So what’s in this “Foodie Instagram Pack”? It has an LED light, a tripod selfie stick, wide-angle lenses to clip on your phone, and a multifunction portable charger. The idea is to help people take the perfect pic to get as many likes as possible.
“The people that typically visit Dirty Bones tend to be very active on social media, and on Instagram in particular. This definitely keeps us on our toes, and ensures that we are constantly striving to create creative cocktails and dishes that are both delicious and visually appealing. It’s a fun, innovative approach that takes advantage of one of the quickest marketing tools in the food and beverage sector,” explained Cokey Sulkin, founder and director of operations at Dirty Bones.
Another example is Israeli restaurant Carmel Winery, which created a concept called Foodography. Every item on the menu is served on special dishes that can help you get professional-quality shots from a smartphone. It’s gotten surprising results that are worth over $400,000, between free advertising (through increased visibility on social media worldwide), and a 13% rise in sales.
Restaurants 4.0: how social media is changing consumption and location
LED lights and selfie sticks aren’t quite enough to really spur on the restaurant 4.0 revolution. What’s really needed is a radical change in the approach towards millennials, starting with the location itself and what’s on the menu. According to an annual report by Waitrose Food and Drink in Great Britain, young people between 18 and 25 are 5 times more likely to share photos of food compared to people over 55. That’s why every aspect of the gastronomic experience aimed at this demographic needs to be as social as possible.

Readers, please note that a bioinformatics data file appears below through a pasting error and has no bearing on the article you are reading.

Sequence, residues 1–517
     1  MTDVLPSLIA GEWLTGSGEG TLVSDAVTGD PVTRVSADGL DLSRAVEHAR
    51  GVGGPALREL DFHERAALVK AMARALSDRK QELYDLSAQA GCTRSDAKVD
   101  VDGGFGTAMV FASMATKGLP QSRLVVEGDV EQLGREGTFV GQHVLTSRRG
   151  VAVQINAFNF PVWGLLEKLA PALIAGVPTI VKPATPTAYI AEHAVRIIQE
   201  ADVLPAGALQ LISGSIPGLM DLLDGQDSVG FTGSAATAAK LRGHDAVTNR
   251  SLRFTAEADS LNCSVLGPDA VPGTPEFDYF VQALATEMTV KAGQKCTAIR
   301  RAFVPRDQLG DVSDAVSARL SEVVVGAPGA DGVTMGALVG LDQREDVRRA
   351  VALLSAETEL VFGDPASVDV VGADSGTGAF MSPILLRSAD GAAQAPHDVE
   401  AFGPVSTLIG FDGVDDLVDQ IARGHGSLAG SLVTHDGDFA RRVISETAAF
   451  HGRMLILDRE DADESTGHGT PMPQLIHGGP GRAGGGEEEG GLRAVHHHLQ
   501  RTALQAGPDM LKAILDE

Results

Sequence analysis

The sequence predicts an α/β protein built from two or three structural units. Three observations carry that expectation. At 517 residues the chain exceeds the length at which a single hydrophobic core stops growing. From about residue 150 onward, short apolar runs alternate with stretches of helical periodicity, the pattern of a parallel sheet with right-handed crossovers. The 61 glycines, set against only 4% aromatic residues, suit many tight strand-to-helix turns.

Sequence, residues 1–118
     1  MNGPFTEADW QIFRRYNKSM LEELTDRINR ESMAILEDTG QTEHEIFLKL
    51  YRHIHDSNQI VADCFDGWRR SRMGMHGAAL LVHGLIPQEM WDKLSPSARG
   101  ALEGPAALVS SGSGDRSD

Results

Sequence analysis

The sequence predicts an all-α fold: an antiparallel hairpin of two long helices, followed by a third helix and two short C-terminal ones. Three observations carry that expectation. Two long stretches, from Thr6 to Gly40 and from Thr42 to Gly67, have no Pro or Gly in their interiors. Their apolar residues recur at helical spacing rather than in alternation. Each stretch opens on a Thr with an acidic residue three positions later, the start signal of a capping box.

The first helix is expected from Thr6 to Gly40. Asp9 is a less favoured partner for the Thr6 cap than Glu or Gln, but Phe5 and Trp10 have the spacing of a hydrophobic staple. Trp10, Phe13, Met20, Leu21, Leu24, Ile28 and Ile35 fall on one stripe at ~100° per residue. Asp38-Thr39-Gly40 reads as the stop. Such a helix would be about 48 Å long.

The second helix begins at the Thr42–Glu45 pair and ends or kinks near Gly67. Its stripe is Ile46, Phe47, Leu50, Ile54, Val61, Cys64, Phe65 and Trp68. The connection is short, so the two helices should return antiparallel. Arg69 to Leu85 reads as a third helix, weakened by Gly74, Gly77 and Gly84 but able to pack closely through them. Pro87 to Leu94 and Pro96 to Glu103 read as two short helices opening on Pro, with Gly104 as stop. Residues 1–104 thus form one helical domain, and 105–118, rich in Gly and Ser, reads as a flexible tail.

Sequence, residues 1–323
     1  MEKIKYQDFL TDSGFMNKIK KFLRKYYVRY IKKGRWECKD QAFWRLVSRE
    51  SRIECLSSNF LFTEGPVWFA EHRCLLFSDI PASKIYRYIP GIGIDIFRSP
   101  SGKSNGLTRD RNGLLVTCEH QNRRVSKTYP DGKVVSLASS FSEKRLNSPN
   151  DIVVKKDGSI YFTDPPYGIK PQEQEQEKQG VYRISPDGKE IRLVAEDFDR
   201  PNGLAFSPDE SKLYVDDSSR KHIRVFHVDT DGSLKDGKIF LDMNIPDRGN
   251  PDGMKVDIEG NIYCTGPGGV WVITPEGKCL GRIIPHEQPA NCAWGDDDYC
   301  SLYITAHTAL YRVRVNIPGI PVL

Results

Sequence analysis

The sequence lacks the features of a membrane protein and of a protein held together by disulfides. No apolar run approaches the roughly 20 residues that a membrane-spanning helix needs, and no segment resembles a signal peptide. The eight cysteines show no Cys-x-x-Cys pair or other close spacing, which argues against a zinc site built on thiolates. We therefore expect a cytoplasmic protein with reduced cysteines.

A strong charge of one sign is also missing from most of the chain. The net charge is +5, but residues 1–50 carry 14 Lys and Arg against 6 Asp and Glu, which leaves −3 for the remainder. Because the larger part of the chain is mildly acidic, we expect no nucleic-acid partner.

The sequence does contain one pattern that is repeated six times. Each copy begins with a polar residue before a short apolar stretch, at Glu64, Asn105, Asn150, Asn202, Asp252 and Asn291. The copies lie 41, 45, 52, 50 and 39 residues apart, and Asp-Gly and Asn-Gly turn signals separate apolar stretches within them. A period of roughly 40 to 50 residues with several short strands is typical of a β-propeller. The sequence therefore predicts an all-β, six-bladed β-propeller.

Dirty Bones for one isn’t stopping at the Instagram Kit. it has a constant social media presence with over 2100 posts and 24,000 followers. And they monitor their dishes so they can modify their menu based on trending topics on the various platforms.
Restaurants themselves have changed as well. They favor well-lit, smartphone camera-friendly spaces, and choose murals, neon signs, tropical plants, vintage flooring, designer bathrooms, graffiti slogans and chic furnishings that are all just waiting to go viral. That’s in addition to the more technological side of things, from free wifi to the use of tablets to create a more elegant, smart atmosphere.
And the web has an even greater influence than we might think on things like consumer habits, perceptions of food, and shared eating spaces. Just think of the blue eggs launched by British supermarket chain Sainsbury’s, and you’ll see why #eggs is one of the most popular hashtags in the Instagram Food world. And this tool’s power is destined to grow because once the photos are posted and become instagram-friendly and viral, they can make other people want to eat like us. Especially if the people who post them are well known enough to influence lots of young people.